Memo to the ERC: What led to Dodd Frank?

For the most part, I’ve enjoyed the articles of Mary Owens — a financial services person and  the latest chairperson of the Nevada County Economic Resource Council — in The Union about economic matters. I’ve never met Mary, but she did reach out for me to connect with her on LinkedIn.

Mary’s analysis is more sophisticated than the normal pabulum, unintelligible screeds and podunk reporting that the newspaper typically dishes up to its subscribers.

But I had to scratch my head at Mary’s column in The Union this week. She wrote: “The Dodd Frank bill dramatically limited how small and regional banks can lend money. This limitation hit local and regional real estate developers unusually hard. But that was not the only impact on real estate developers. Dodd Frank also dramatically increased the qualification standards for home loans. Without question, the lending standards that were allowed to exist for the five years prior to the housing bubble had to be improved. But Dodd Frank went too far.”

But nowhere in her article did Mary mention the lending practices of small and regional banks that led to Dodd Frank, including the ones in our region. Hello???!!!

We don’t do a good job of looking in the mirror and holding ourselves accountable for the outcome. That’s unfortunate because it keeps us from coming up with meaningful solutions.

Author: jeffpelline

Jeff Pelline is a veteran editor and award-winning journalist - in print and online. He is publisher of Sierra FoodWineArt magazine and its website Jeff covered business and technology for The San Francisco Chronicle for years, was a founding editor and Editor of CNET News, and was Editor of The Union, a 145-year-old newspaper in Grass Valley. Jeff has a bachelor's degree from UC Berkeley and a master's from Northwestern University. His hobbies include sailing and trout fishing.

9 thoughts on “Memo to the ERC: What led to Dodd Frank?”

  1. Respectfully Jeff, I think there needs to be a distinction between the particular circumstances of some local banks that may have behaved badly in the recent past, and the larger question of what impact Dodd Frank has had on community banks, and what regulatory scheme is best to encourage the flow of capital today while creating appropriate levels of transparency and accountability.

    Let me preface my statement by answering your question, “what led to Dodd-Frank?”

    What led to Dodd-Frank were the abuses encouraged by the increasing connection between commercial banking (or managing deposits to make loans upon which the bank earns a commission) which encourages a conservative culture and investment banking (or the management of funds including deposits to trade financial instruments like stocks, bonds, or more exotic instruments like derivatives, and proprietary trading, or the investment of a banks own assets for its own direct gain) which encourages a risk taking culture.

    This connection was strengthened by the repeal of the Glass-Stegall Act (1933), which limited these activities under its “affiliation” provision that limited the affiliation of commercial and investment banking activities, with the passage of the Graham-Leach Act (1999) that significantly weakened these key provisions.

    In the words of economist Joseph Stiglitz, “repeal of Glass-Steagall brought investment and commercial banks together, the investment-bank culture came out on top.”

    But it is important to note that community banks, or banks managing less that $10B in assets, which is the FED definition, never played a substantial part in the post Graham-Leach rise of the risk taking culture, and remained relatively conservative in their practices and lending profiles. The economic collapse of 2008 was led by larger national banks with investment banking components not community banks. To put this in perspective, according to the Federal Reserve Board 94% of the banks in the US have less than $10B in assets, but they manage less than 20% of the capital, meaning the larger national banks control 80% of the capital.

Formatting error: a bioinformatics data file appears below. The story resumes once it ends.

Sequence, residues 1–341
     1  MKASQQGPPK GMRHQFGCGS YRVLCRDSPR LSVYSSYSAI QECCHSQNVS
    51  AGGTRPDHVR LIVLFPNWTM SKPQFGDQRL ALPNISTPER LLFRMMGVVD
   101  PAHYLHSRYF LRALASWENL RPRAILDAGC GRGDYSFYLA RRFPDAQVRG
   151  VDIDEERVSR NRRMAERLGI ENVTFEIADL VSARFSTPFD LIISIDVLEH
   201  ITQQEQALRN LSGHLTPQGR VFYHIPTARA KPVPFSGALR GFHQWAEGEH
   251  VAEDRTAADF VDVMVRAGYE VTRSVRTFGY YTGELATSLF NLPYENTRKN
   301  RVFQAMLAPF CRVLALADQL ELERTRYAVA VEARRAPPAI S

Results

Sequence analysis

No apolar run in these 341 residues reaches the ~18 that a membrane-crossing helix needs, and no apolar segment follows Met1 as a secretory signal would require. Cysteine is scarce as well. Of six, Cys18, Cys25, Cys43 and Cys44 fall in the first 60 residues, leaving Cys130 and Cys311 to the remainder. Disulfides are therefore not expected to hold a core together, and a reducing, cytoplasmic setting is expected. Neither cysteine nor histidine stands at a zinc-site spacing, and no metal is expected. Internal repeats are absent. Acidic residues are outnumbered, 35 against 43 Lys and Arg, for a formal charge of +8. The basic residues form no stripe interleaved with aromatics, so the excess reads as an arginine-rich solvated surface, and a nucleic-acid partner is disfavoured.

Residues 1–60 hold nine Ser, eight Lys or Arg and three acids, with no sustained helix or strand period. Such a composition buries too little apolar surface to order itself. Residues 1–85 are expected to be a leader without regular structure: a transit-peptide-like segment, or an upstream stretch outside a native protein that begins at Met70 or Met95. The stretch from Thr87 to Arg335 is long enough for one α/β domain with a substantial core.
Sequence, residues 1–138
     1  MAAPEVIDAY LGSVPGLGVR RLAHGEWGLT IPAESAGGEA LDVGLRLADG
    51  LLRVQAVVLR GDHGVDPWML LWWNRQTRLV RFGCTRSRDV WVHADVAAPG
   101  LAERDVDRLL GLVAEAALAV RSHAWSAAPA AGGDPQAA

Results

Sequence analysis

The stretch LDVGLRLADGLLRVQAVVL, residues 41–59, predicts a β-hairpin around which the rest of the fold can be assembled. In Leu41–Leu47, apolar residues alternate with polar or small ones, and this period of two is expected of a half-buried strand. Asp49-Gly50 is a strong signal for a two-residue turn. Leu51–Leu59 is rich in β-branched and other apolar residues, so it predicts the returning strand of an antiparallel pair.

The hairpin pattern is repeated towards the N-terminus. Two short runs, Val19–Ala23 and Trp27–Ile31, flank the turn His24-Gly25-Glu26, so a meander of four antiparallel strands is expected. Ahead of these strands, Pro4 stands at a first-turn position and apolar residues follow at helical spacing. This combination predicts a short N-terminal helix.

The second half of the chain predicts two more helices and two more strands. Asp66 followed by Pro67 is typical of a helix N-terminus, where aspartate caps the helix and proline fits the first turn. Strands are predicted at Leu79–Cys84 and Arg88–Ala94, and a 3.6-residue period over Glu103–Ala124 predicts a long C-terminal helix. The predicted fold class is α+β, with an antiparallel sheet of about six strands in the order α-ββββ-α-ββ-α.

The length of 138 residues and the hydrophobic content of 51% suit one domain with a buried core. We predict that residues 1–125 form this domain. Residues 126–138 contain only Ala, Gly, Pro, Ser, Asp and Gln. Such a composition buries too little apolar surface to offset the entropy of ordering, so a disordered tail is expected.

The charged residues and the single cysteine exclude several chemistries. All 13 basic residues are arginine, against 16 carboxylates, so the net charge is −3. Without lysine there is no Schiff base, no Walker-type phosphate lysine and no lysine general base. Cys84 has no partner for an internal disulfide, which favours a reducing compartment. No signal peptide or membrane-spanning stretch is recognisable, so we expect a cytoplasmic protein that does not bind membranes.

And this gets to Mary Owens point, which I believe is spot on: the regulation designed for the big national banks is not necessarily the regulation appropriate for a community bank and imposition of those standards can retard local capital investment.

    The purpose of Dodd-Frank was to reduce risk from trading in exotic financial instruments that places the solvency of larger national banks with both a commercial and investment banking component at risk, and increase transparency and accountability for ALL banks across the board, in order to avoid the near collapse of the system we experienced between 2007-2009.

    I believe it is important to note that almost all of the almost $9 Trillion in “bailout” money spent since 2008 (if you included TARP, AIG, Bear-Stearns, purchases of commercial paper, the Federal Home Loan Guarantee Program, et. al.) the vast majority of it went to a handful of roughly 50 top financial institutions, and almost none of it went to community banks. To be fair community banks benefited greatly from the stabilization of the markets and the gradual improvement of credit availability from the Fed.

    But since 2010 we have seen the role of community banks shrinking in capital markets—in 1994, before Dodd Frank, community banks managed almost 40% of all of the assets held by banks; and after Dodd-Frank, in 2015, that level has gradually fallen to the 20% of assets—and that is a big problem. The primary places community banks have been losing market share is in consumer, real estate and commercial and industrial lending. That means your local small businesses increasingly have to go to the “big” bank, which does not know the community, to get credit, if they can even qualify.

    Community banks are not big banks. They specialize in having a more direct relationship with their customers because at least theoretically they know them from their community. Community banks may manage only 20% of the assets but they make more than 75% of all agricultural loans and more than 50% of all small business loans in the US. Consequently failing to check the decline in market share in community banks will hit rural regions of the country the hardest.